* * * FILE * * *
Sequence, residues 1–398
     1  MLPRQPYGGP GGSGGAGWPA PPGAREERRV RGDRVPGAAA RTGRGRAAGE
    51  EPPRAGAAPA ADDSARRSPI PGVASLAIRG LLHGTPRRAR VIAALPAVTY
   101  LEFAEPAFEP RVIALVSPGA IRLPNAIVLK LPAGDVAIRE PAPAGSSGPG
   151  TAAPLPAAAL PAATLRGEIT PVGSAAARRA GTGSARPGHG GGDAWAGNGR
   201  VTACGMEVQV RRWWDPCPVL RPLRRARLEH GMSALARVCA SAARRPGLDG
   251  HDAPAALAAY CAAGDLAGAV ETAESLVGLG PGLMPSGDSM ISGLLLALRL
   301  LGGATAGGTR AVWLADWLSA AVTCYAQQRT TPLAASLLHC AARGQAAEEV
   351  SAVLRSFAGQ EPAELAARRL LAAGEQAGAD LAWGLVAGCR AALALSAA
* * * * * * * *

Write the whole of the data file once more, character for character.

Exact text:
Sequence, residues 1–398
     1  MLPRQPYGGP GGSGGAGWPA PPGAREERRV RGDRVPGAAA RTGRGRAAGE
    51  EPPRAGAAPA ADDSARRSPI PGVASLAIRG LLHGTPRRAR VIAALPAVTY
   101  LEFAEPAFEP RVIALVSPGA IRLPNAIVLK LPAGDVAIRE PAPAGSSGPG
   151  TAAPLPAAAL PAATLRGEIT PVGSAAARRA GTGSARPGHG GGDAWAGNGR
   201  VTACGMEVQV RRWWDPCPVL RPLRRARLEH GMSALARVCA SAARRPGLDG
   251  HDAPAALAAY CAAGDLAGAV ETAESLVGLG PGLMPSGDSM ISGLLLALRL
   301  LGGATAGGTR AVWLADWLSA AVTCYAQQRT TPLAASLLHC AARGQAAEEV
   351  SAVLRSFAGQ EPAELAARRL LAAGEQAGAD LAWGLVAGCR AALALSAA